In response to market demand and the growth of its undergraduate program in biotechnology, the University of New Hampshire at Manchester is launching a Master of Science in Biotechnology: Industrial and Biomedical Sciences this fall.
Manchester is at the center of the burgeoning biotechnology industry since the creation of the Advanced Regenerative Manufacturing Institute (ARMI) and its BioFabUSA program, which is creating an industry to regenerate human tissue and organs. As a partner in ARMI’s workforce development initiatives, UNH Manchester is expanding its biotechnology offerings to promote workforce development in this growing field.
“ARMI, BioFabUSA and its member companies are doing a tremendous job driving breakthroughs in regenerative medicine, and it has created a need for skilled workers in the biomanufacturing sector,” says Mike Decelle, dean of UNH Manchester. “The goal of our biotechnology program is to ensure the workforce that is needed for this industry to succeed, which will ultimately have an economic impact on our community and state.”
Recent advances in biotechnology have led to the creation of health care products that fight debilitating and rare diseases, as well as to efforts that reduce our environmental footprint, utilize cleaner energy and create more efficient industrial manufacturing processes. The field has been growing steadily for decades, but the pace has accelerated in recent years with the advent of new technologies like gene editing and biopharmaceutical production. According to research by the Massachusetts Biotechnology Education Foundation, the growth of the industry in the northeast has outpaced the trained workforce—particularly in the area of research and development.
This area of industry relies on applied lab-based skill sets, says Kristen Johnson, assistant professor of biotechnology at UNH Manchester. She says the new master’s program, and the expansion of the college’s laboratory facilities, was designed with that in mind.
“We’ve transformed the entire sixth floor of UNH Manchester into state-of-the-art labs for teaching and research in the areas of biotechnology and cellular biology,” Johnson says. “Students not only get to work with cutting-edge equipment, but they’ll also have opportunities to work with real biotech companies onsite.”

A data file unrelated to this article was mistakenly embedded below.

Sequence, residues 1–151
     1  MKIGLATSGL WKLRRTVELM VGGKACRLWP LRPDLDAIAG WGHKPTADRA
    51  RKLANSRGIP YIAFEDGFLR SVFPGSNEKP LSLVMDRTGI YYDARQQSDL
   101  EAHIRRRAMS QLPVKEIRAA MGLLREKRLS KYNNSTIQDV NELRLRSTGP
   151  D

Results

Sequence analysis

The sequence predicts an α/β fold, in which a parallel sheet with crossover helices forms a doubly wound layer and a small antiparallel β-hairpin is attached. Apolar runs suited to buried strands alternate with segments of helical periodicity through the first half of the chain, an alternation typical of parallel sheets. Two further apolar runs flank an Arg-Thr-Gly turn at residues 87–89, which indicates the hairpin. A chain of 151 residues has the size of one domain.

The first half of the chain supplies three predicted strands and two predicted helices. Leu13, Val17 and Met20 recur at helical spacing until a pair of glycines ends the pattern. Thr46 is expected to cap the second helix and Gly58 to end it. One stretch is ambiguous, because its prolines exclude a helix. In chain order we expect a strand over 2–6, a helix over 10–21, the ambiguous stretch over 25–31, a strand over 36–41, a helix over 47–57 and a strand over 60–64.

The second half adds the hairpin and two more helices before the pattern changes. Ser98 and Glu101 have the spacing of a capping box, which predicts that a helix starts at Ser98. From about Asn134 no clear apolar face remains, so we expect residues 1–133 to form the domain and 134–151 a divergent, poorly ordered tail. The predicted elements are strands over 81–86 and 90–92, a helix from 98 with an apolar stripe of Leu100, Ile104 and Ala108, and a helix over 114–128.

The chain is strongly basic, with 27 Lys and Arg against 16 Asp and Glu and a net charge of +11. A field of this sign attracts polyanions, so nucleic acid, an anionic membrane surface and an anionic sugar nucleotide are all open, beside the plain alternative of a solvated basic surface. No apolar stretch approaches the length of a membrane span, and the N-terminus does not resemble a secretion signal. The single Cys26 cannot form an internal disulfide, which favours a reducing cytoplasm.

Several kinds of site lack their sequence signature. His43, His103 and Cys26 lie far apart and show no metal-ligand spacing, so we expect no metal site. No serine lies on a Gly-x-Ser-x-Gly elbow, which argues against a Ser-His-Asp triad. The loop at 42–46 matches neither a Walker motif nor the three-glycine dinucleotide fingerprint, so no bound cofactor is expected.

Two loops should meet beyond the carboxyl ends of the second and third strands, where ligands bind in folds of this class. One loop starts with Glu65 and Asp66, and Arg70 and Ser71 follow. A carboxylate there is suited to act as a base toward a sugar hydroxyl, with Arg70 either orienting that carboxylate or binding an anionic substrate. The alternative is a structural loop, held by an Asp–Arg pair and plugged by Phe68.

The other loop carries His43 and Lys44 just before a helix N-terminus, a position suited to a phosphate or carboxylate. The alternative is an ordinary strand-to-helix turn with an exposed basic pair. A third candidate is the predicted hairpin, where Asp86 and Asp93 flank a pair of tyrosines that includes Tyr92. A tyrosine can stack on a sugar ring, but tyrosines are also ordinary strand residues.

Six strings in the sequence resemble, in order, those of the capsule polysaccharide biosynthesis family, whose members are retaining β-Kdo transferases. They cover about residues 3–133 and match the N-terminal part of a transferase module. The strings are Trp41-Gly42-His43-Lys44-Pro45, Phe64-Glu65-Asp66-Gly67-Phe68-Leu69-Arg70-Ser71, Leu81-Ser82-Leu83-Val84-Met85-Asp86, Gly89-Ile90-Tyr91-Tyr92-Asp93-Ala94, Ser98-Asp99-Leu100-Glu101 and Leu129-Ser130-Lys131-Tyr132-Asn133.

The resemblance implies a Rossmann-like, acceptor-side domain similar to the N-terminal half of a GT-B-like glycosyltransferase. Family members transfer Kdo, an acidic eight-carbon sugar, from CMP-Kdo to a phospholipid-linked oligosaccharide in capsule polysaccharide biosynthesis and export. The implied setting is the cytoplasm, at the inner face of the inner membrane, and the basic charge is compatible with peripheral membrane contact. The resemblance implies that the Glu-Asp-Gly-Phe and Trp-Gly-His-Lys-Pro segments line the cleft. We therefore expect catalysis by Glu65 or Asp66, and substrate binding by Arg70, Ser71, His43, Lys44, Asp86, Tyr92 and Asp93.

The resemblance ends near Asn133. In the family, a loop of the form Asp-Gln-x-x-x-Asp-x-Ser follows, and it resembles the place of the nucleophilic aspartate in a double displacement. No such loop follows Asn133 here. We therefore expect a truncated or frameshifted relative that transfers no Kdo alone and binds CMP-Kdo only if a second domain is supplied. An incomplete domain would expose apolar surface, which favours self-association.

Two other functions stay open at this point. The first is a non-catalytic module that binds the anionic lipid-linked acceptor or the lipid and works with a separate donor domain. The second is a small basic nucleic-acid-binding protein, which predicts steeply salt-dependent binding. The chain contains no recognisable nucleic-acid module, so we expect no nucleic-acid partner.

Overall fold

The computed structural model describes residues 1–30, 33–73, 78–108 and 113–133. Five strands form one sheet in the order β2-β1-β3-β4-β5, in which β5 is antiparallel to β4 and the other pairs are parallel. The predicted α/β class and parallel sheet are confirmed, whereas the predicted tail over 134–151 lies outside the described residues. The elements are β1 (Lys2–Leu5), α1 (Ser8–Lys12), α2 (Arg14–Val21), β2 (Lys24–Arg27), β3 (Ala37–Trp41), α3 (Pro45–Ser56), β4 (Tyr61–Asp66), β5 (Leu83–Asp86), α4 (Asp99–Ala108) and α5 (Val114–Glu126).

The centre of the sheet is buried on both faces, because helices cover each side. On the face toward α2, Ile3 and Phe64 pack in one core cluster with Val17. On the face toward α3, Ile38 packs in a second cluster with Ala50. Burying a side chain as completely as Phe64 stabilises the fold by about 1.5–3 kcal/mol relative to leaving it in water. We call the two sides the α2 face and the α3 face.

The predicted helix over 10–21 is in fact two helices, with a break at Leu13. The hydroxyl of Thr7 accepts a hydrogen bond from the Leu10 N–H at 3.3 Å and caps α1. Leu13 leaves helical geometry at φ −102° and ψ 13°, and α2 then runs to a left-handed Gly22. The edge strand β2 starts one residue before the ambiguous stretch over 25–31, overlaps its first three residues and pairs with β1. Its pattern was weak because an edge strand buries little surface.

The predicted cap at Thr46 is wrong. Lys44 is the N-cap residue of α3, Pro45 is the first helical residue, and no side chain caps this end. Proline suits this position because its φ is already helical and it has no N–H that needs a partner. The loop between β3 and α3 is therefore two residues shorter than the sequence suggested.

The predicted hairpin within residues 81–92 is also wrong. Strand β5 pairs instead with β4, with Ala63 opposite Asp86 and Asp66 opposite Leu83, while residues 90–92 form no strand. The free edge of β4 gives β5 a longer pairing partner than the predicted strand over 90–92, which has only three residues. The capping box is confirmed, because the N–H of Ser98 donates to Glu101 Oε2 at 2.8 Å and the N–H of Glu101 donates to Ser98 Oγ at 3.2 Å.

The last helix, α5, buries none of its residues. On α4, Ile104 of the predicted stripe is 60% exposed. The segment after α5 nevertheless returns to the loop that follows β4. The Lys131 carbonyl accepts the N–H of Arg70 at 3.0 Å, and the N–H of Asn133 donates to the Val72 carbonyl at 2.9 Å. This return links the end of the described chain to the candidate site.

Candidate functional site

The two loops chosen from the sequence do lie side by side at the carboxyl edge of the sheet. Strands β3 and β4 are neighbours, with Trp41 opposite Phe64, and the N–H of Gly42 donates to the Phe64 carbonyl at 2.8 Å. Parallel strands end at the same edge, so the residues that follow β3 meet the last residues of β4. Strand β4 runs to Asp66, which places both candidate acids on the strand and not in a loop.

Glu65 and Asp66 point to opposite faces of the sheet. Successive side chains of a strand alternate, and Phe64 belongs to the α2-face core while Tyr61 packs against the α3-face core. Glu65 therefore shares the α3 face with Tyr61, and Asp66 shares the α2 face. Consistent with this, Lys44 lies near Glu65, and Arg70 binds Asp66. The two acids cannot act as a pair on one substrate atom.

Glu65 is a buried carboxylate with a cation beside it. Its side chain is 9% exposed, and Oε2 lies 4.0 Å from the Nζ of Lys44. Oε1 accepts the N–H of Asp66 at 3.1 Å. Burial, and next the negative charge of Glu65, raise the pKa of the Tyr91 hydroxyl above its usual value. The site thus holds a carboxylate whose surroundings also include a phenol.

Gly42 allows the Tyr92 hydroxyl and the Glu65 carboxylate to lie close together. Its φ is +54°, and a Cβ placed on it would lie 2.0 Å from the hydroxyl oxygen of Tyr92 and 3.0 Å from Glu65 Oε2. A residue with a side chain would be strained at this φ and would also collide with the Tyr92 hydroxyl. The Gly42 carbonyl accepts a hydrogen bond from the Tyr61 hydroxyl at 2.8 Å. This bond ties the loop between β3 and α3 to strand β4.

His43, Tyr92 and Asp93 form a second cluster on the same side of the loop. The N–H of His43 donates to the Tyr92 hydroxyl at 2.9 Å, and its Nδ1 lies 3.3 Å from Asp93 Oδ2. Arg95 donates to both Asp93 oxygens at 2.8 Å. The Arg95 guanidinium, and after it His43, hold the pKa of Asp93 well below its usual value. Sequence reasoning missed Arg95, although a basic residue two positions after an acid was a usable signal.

Called the Biotechnology Innovation Center (BIC), UNH Manchester’s sixth floor houses an expansive cell-culture teaching laboratory and extensive space for student research. The BIC also offers rentable incubator space for start-up biotech, pharma and medtech companies, which opens doors to on-site internship, research and cooperative-education (co-op) experiences for students.
Kyle MacLea, associate professor of biotechnology, says the M.S. in Biotechnology: Industrial and Biomedical Sciences emphasizes co-ops, six-month immersive work experiences, as the most significant opportunity for students.
“The best way to prepare students for careers in biotech is to immerse them in industry,” MacLea says. “Co-ops are long-term work experiences that really integrate students into a company, and it is very common for a co-op to lead to full-time employment.”
In addition to industry and laboratory experience, Johnson says the M.S. program focuses on transferable skills that are particularly useful in careers in the biotechnology, biopharmaceutical and regenerative manufacturing sectors.
“Along with laboratory practice, jobs in biotechnology require extraordinary analytical, critical thinking and problem-solving skills,” Johnson says. “Our program puts emphasis on both lab and industry-focused transferable skills, so students are prepared to communicate and collaborate effectively in their chosen field.”
Johnson says students graduate well prepared to meet the projected job growth in biotechnology research and development, medical testing, pharmaceutical and biotech manufacturing, laboratory instrumentation and more.
Designed for working professionals and those with an academic background in biotechnology, biopharmaceutical and regenerative manufacturing sectors, the M.S. in Biotechnology: Industrial and Biomedical Sciences offers part- and full-time enrollment. It is also offered as an Accelerated Master’s Program, which allows qualified UNH undergraduate students to complete a bachelor’s and master’s degree in as few as five years by taking graduate-level classes during senior year. UNH students in the biological sciences, biotechnology and neuropsychology programs in Manchester, a biomedical sciences program in Durham or have proper prerequisite coursework are eligible to apply for the Accelerated Master’s Program.
Learn more about the program online, or contact the UNH Graduate School for more information at firstname.lastname@example.org or 603-641-4313. Apply by August 1 to be part of the inaugural fall 2020 cohort.